Via Leon Wolf, one of my favorite genres of lefty revisionism. Liberals have, I assume, been farting out pieces like this since the day Oswald’s political sympathies became publicly known, but semi-respectable left-wing pubs have been picking them up more frequently since 2009 in the name of bludgeoning Obama’s conservative critics. The “logic” runs like this: (1) Dallas 1963 was a very conservative, staunchly anti-Kennedy city; (2) JFK was murdered in Dallas; (3) ergo, very conservative, staunchly anti-Obama tea partiers are basically terrorists.
You could kinda sorta forgive this if the assassin himself had been right-wing. It’s unfair to smear peaceful political opponents with the worst acts of their fellow travelers, but both sides have had fun with that at times. (See, e.g., Bush assassination fantasies from the last decade.) Problem is, Oswald wasn’t conservative. He was an out-and-out communist, so far to the left that he defected to the Soviet Union before later returning to the U.S. That’s another reason why this cottage industry of “Dallas killed Kennedy” items has grown up lately on the left — not only is it a cudgel against Obama’s opponents, it’s a way for progressives to disclaim responsibility for an infamous murder committed by someone on their side of the spectrum, which makes the fingerpointing at righties a bit easier. And of course it’s a way to whitewash American history for the benefit of younger people who didn’t live through the Kennedy assassination and haven’t studied it. They’re taking the “hard sell” approach here: Repeat “Dallas killed Kennedy” often enough and some ignoramuses out there will take you at your word, without bothering to check. And so the truth gradually vanishes, like the commissar in that famous photo with Stalin.
The right-wing hatred for John F. Kennedy was in some ways as extreme as the hatred for Barack Obama and nowhere was it more energized than Dallas in 1963. Three years earlier, right-wingers in the city had signaled their anti-Kennedy zeal by turning on its native son, Lyndon Johnson, after he accepted the nomination for vice president. He and his wife, Lady Bird, were accosted by a shrieking mob of conservative women in front of their hotel armed with signs saying he’d sold out to “Yankee Socialists.” It was downhill from there. Over the next three years the simmer burst into a full boil as various luminaries of the John Birch Society such as millionaire oil man H.L. Hunt and the anti-communist fanatic Gen. Edwin Walker, a zealot so far to the right that he even believed Eisenhower was a communist, fanned the flames of anti-Kennedy hatred.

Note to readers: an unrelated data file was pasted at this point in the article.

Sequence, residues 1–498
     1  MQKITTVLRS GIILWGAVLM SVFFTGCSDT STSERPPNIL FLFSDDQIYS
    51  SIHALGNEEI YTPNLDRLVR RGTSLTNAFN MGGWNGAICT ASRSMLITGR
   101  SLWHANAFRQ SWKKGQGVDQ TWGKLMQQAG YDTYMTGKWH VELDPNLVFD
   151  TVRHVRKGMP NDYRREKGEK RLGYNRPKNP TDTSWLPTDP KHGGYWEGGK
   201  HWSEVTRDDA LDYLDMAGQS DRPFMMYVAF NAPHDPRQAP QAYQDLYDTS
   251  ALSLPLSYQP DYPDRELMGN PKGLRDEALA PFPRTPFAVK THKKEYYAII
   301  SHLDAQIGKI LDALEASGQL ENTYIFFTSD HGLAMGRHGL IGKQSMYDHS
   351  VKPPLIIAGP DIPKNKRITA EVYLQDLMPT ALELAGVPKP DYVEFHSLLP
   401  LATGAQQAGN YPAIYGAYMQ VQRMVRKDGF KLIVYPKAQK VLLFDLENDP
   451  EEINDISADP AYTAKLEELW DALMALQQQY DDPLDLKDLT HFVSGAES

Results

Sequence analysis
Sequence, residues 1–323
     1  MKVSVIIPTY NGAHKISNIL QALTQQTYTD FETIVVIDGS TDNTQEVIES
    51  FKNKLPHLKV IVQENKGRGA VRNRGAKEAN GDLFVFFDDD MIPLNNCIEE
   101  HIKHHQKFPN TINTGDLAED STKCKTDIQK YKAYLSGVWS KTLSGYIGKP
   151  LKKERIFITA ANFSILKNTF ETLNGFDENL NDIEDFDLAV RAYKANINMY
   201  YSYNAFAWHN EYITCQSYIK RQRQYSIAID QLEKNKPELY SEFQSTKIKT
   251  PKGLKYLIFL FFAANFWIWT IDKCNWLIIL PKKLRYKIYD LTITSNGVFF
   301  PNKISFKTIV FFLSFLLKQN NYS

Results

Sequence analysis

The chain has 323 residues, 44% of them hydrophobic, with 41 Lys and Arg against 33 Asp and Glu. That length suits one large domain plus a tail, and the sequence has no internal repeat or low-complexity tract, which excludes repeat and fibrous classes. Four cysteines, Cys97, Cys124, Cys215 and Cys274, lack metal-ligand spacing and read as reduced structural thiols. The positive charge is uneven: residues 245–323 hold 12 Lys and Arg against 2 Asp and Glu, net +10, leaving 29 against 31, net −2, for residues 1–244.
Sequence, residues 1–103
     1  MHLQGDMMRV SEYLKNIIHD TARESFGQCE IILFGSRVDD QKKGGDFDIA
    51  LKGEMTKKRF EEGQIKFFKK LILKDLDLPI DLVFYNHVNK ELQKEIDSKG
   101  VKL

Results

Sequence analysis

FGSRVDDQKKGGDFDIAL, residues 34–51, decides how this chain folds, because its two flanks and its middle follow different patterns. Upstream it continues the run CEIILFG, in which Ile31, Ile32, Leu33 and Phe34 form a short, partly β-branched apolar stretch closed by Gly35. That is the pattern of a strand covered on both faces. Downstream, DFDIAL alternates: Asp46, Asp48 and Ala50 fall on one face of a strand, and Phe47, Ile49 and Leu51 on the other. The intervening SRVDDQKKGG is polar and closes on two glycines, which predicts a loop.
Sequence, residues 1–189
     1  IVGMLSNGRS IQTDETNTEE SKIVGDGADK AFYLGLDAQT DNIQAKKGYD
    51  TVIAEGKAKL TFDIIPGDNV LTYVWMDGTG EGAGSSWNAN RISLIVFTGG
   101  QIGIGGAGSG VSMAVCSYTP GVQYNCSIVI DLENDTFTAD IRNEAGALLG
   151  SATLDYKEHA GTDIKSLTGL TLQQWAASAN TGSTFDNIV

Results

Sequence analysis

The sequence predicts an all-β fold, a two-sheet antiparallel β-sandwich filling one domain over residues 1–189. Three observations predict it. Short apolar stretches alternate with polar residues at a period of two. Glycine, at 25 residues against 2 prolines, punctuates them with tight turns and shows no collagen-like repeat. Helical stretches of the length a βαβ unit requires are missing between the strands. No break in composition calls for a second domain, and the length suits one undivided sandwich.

Walker was at the center of the plot against Adlai Stephenson to which Mrs. Doyle referred in her letter. He had exhorted his followers (some of whom belonged to group that unironically called itself the “National Indignation Convention”) to confront the U.N. ambassador when he came to town and they did, hitting him with signs and spitting in his face before he could be rescued by the police. At the scene he famously asked, “Are these human beings or are these animals?”…
Travelers from other nations who come to Dealey Plaza to pay their respects are undoubtedly startled to see yahoos carrying guns and passing out extremist literature very much like the literature that was distributed in Dallas in the fall of 1963. In most places in this world such contempt for national hallowed ground would be frowned upon by decent people. But in America, armed men and women marching around spouting hatred for the president at the very spot where a former president was assassinated is business as usual. We are “free” here to carry guns in public and dare others to argue with us. But that doesn’t make it any less vulgar and profane to do it in a place of national grief — and what should be a monument to right-wing ignominy.
Once you know which way Oswald went politically, the thesis not only falls apart but the evidence tends to prove the opposite of what it’s supposed to illustrate: The nasty criticism of Kennedy from some quarters of the right in Dallas actually didn’t lead to a right-wing attempt on the president there. And yet this genre is evergreen. The best known piece from the last few years is Frank Rich’s essay for New York magazine a few years ago, but that piece was an outlier insofar as Rich actually mentioned Oswald. Believe it or not, it’s common for a “Dallas killed Kennedy” argument to omit his name entirely. Which makes a certain type of sense — when you’re assigning collective responsibility for the actions of a single man, especially a man who, er, wasn’t a member of that collective, it’s easiest to write him out of the story entirely. It’s pure Orwell, but then this is an Orwellian exercise. A Media Matters “Dallas killed Kennedy” post from 2009 didn’t name Oswald. Neither did an item by Robert F. Kennedy Jr for the Huffington Post two years later. Yesterday’s Salon post not only doesn’t name Oswald but, as Michael Moynihan pointed out, it does mention Gen. Edwin Walker — albeit without also mentioning that Oswald tried to assassinate Walker too because Walker was staunchly anti-communist. At the rate we’re going, by the centennial of the assassination, lefty websites will be claiming that it was Walker who fired at JFK from the Texas Schoolbook Depository before being apprehended by the heroic Officer Oswald.
Exit question: If lefties are eager to disclaim responsibility for Oswald, why not just emphasize that communism isn’t liberalism, i.e. that he doesn’t belong to their collective either? That’s a much stronger argument, yet writers in this genre seem reluctant to make it. I wonder why.